University of South Carolina student Morgan Rogers admits she has driven while drowsy on the way to Florida and says that it was one of the scariest experiences she has ever had.
"I was driving on the Interstate and I guess I must have fallen asleep and the next thing I knew I woke up and I was skidding against the guardrail and the whole side of my car was messed up," said Rogers.
The National Sleep Foundation says that one-third of drivers admit to falling asleep behind the wheel. The report claims this accounts for over 100,000 accidents, 71,000 injuries, and 1,550 deaths each year.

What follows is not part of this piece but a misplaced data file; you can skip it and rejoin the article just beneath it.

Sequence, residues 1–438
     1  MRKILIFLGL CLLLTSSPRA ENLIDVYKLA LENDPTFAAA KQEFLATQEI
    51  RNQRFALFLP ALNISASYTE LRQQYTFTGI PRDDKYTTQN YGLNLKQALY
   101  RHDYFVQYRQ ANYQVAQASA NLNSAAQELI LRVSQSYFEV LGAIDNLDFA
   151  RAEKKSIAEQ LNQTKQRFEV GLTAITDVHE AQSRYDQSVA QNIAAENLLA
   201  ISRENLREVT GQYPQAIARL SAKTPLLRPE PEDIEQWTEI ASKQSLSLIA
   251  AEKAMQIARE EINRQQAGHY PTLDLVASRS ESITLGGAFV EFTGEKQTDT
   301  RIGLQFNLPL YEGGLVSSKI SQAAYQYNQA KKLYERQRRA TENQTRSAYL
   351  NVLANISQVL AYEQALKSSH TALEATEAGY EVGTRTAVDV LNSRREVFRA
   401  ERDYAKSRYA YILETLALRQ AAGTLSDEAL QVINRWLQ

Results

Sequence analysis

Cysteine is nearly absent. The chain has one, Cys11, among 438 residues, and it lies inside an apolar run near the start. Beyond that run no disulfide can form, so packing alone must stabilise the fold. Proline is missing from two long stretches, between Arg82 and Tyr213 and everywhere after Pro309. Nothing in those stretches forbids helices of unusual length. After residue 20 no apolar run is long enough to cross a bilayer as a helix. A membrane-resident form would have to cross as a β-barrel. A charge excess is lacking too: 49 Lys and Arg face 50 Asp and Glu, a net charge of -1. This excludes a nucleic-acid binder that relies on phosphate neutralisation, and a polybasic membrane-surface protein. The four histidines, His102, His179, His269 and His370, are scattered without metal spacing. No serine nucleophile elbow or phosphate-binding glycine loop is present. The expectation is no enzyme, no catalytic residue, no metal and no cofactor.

The only damages Rogers sustained were to her car.
"I had to take it to a car shop and they fixed my door so that it wasn't hitting against my wheel but there is still a huge dent in it because I can't exactly afford to fix everything. My insurance company isn't going to do anything for me," said Rogers.
Rogers believes many people drive while tired without even thinking about it. She also says more attention should be paid to the problem so injuries can be prevented, before other people make the same mistake she did.
"Next time, I definitely will not drive when I am really tired because I know how dangerous it can be and how everything can change in a second. So, I'm definitely going to take those extra hours to go to sleep rather than risk my life," said Rogers.